daily menu » rate the banner | guess the city | one on oneforums map | privacy policy | DMCA | news magazine | posting guidelines

Go Back   SkyscraperCity > Infrastructure and Mobility Forums > Railways

Railways (Inter)national commuter and freight trains



Global Announcement

As a general reminder, please respect others and respect copyrights. Go here to familiarize yourself with our posting policy.


Reply

 
Thread Tools
Old January 18th, 2010, 12:21 AM   #281
Suburbanist
on the road
 
Suburbanist's Avatar
 
Join Date: Dec 2009
Location: the rain capital of Europe
Posts: 27,539
Likes (Received): 21253

You must take into account that Italians love their cars to a greater extent than North-Europeans. Couldn't be different in the land of Ferrari, Lamborghini and Alfa Romeo! Moreover, we have a better highway system than our "Svizzeri" friends.

Keeping the discussion to trains only, I doubt non-60-minutes-interval timetables are the reason for lower ridership. There is no rational reason for which a 60 min interval would be prefferable to, say, a 55 min interval, a 70 min or a 92 min interval. Lack or reliability in France and Italy is a far more determinant issue of diminishing ridership on "lesser" lines, and its causes are old rolling stock, inadequate maitenance, crap singnaling etc.
__________________
YIMBY - Yes, in my backyard!
Suburbanist no está en línea   Reply With Quote

Sponsored Links
Old January 18th, 2010, 07:01 AM   #282
Crownsteler
Registered User
 
Join Date: Aug 2003
Location: Utrecht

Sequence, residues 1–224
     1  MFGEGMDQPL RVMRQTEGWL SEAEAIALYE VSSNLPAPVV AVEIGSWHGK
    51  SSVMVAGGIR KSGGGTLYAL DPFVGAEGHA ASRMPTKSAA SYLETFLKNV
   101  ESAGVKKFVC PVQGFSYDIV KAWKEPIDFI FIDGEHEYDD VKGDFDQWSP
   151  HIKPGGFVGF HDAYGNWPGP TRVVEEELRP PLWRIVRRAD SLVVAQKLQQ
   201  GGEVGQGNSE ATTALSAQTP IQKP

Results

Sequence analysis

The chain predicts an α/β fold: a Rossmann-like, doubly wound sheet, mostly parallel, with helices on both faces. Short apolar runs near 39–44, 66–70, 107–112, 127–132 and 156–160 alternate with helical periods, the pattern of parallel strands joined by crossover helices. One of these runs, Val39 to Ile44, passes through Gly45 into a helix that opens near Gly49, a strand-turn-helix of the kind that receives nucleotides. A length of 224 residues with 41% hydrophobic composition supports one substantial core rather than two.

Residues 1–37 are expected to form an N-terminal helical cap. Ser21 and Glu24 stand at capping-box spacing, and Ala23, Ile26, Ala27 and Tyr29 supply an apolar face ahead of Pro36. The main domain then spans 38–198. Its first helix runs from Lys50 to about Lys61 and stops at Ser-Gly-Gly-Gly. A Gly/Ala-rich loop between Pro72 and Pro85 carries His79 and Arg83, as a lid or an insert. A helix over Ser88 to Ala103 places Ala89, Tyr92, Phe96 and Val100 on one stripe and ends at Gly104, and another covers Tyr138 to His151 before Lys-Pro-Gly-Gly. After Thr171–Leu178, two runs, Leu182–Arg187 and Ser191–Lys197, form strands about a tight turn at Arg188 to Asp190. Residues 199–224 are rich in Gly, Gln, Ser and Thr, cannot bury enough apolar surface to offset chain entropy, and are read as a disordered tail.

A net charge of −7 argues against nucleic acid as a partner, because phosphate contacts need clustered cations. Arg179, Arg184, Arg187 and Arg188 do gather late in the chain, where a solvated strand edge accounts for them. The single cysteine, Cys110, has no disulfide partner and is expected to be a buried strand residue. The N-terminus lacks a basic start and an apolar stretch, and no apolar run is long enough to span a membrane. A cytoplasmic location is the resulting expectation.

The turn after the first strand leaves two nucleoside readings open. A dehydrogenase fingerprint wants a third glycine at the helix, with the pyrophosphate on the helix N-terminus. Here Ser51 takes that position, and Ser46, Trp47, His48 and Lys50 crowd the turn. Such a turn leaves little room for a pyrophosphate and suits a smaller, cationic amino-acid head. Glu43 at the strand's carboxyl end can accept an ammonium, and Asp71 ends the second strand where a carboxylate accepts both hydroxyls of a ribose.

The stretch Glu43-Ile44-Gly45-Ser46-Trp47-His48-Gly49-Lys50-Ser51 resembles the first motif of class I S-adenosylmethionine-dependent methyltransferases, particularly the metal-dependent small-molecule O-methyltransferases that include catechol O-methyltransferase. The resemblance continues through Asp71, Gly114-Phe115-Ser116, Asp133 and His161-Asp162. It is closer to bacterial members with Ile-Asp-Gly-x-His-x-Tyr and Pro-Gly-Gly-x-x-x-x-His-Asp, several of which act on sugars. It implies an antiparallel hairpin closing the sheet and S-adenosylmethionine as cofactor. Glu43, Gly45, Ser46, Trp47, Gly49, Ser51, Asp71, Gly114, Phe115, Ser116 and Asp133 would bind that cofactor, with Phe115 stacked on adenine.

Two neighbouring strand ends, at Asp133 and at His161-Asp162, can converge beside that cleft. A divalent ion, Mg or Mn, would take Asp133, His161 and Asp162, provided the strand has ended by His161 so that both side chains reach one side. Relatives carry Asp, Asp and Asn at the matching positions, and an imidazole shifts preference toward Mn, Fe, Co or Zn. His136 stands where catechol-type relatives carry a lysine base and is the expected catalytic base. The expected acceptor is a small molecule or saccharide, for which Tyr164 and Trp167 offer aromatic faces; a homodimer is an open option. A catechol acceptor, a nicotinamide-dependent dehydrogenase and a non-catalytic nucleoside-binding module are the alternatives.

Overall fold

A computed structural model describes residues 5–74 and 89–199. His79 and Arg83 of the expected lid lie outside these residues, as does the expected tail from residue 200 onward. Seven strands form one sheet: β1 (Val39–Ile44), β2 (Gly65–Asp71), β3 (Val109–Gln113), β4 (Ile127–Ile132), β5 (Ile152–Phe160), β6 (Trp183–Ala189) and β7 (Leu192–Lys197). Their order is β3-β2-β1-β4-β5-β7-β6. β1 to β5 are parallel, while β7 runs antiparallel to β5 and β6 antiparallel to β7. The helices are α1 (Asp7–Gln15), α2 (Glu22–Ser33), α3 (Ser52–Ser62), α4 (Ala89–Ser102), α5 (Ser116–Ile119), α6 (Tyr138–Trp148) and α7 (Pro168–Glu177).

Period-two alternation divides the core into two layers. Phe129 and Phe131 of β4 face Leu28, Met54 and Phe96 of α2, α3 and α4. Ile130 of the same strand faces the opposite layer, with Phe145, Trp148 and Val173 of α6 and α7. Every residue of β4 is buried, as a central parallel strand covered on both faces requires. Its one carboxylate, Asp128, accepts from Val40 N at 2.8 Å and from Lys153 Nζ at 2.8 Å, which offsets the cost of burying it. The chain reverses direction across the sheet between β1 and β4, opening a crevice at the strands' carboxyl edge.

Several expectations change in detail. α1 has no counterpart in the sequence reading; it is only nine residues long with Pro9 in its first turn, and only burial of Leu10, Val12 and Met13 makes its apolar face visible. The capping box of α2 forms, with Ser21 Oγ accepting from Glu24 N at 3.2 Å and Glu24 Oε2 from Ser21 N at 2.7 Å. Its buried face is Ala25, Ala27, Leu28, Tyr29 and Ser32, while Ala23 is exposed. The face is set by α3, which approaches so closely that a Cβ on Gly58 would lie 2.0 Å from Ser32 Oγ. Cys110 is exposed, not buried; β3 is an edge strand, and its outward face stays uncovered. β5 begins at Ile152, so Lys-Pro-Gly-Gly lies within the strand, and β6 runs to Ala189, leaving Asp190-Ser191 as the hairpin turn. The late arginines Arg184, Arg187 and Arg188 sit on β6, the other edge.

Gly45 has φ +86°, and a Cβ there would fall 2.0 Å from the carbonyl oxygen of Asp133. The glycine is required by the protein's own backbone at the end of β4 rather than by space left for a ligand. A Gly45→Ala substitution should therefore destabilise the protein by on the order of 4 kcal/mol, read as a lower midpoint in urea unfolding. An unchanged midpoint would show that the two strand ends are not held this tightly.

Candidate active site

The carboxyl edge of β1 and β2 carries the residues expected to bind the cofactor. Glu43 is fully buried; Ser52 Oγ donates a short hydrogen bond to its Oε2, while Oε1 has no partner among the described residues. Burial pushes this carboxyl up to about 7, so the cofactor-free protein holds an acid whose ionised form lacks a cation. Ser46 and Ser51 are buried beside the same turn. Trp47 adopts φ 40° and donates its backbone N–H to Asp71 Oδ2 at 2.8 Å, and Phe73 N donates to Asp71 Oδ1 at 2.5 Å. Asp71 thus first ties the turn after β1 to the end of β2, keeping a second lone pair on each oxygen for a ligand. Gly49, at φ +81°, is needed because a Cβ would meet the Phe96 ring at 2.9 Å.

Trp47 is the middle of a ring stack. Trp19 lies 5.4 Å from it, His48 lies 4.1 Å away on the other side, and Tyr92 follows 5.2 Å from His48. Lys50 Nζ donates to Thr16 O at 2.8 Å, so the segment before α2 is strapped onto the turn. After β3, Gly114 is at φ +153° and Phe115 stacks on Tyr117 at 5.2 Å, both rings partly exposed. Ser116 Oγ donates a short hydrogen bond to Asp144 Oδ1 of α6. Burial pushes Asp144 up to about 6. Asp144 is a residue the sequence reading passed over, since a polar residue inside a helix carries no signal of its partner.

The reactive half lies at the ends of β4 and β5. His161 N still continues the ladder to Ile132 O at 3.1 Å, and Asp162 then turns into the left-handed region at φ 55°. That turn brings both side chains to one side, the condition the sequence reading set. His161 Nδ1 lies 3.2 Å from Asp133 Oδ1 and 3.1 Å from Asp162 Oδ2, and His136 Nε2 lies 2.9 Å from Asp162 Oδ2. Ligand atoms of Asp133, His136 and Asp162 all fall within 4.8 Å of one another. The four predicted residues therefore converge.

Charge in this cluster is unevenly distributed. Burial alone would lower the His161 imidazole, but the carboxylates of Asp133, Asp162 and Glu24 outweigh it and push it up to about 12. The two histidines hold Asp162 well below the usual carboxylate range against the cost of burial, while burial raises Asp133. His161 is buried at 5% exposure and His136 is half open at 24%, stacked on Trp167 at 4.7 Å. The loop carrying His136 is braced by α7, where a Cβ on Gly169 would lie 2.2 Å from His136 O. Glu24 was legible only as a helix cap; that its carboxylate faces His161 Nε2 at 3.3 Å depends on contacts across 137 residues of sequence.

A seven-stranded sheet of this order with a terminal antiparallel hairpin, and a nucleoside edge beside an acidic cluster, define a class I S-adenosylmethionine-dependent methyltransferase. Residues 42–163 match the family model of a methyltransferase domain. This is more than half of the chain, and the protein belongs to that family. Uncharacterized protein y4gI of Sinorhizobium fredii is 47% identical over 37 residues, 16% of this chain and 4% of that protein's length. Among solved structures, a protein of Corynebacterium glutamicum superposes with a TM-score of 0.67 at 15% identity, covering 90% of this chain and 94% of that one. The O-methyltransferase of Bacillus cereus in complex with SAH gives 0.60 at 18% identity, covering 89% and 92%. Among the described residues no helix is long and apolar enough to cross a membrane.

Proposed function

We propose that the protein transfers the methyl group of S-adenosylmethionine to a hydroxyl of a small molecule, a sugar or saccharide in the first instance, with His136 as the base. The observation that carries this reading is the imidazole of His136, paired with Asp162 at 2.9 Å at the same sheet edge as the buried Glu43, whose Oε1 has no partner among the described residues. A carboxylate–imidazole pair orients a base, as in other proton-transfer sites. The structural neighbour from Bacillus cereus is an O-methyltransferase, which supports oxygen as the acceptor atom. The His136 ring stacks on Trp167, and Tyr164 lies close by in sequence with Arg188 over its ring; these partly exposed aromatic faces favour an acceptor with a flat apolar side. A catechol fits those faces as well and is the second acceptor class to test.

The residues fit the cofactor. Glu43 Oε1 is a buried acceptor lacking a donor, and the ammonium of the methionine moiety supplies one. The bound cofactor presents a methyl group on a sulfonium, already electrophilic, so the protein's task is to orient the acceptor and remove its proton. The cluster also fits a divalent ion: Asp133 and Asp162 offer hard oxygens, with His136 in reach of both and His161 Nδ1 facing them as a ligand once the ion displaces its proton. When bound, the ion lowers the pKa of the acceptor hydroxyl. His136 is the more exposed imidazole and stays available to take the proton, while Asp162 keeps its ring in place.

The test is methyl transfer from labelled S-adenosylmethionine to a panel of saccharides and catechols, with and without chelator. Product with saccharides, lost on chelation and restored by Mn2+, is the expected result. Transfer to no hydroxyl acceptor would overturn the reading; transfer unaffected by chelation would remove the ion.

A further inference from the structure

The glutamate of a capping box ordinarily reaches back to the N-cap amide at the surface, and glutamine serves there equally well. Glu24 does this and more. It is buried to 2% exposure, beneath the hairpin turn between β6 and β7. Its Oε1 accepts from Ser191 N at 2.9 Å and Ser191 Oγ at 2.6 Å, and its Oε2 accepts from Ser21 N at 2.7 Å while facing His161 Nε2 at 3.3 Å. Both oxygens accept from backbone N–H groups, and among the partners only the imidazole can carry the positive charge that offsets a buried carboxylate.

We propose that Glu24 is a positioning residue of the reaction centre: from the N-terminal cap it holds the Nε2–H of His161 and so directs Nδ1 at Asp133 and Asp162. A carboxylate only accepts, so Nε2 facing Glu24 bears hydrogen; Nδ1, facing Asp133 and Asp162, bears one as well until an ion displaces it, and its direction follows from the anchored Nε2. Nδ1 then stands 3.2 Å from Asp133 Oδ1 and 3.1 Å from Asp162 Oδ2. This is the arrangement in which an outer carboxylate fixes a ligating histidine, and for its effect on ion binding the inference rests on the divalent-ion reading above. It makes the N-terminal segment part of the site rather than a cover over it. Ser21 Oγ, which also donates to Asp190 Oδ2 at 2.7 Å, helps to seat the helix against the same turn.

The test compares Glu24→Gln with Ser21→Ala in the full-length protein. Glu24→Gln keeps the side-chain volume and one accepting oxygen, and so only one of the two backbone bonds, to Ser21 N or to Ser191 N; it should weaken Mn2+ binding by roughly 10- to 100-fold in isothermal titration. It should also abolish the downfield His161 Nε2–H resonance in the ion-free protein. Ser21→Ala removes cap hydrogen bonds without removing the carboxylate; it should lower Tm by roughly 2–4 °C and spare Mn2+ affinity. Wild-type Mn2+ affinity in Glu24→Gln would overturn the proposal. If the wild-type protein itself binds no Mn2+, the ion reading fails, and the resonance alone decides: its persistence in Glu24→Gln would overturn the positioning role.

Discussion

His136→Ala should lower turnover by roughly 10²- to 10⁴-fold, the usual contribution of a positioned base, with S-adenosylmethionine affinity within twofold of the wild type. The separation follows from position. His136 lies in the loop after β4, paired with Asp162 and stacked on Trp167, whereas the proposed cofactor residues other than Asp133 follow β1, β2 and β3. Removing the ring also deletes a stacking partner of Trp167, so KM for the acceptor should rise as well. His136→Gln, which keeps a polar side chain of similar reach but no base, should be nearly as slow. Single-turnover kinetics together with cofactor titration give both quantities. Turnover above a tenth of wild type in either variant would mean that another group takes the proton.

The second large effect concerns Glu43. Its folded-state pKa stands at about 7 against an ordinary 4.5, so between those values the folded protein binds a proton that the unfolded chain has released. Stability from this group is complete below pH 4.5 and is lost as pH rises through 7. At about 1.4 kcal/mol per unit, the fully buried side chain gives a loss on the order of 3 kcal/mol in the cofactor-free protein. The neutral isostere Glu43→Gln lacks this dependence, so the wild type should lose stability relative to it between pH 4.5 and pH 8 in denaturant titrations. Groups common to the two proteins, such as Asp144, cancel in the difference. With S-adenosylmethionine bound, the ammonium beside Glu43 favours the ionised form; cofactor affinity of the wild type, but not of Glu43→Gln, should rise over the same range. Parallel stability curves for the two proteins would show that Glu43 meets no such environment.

Posts: 851
Likes (Received): 474

While I agree that a reliability and frequency are more important, saying that there is not rational for a 60-minutes-interval timetable is well, I grant you, for the operating company there is no rational, but for travellers there is, and thus for operating companies there is. Een hour is probally the most important time interval we use, our conception of time is based on it. 36 minutes, 16 minutes, 49 minutes, 54 minutes, 11 minutes, all are meaningless to most people, and should be avoided, especially when people will have to calculate with them, instead use 5, 10, 15, 30 and 60 minutes intervals, they are much more intuative.

Now I know my train leaves at :26 and :56, every hour, every day. Should I be delayed, 30 minutes, I know my train leaves at :26 and :56. Should I be delayed by, say, 2 hours, I know my train leaves at :26 and :56. Should I instead want to delay my journey by 6 hours, I know my train leaves at :26 and :56. Should I want to travel tomorrow at 14:00, I know my train leaves at :26 and :56. If I want to travel next week at 16:00, I know my train leaves at :26 and :56.

Instead imagine such a system with 23 minutes interval, so my train leaves at :26, then, if I'm delayed, my train leaves at :49, fair enough. Now, I'm 2 hours delayed, so now when does my train leave?

:41 if I'm correct.

Now, I want to delay my journey by 6 hours, when does my train leave? What is I want tomorrow at 14:00, or in a week at 16:00?

Can you still not see merit in such a system?
Crownsteler no está en línea   Reply With Quote
Old January 18th, 2010, 08:03 AM   #283
K_
Registered User
 
Join Date: Jan 2010
Posts: 2,744
Likes (Received): 243

Quote:
Originally Posted by Coccodrillo View Post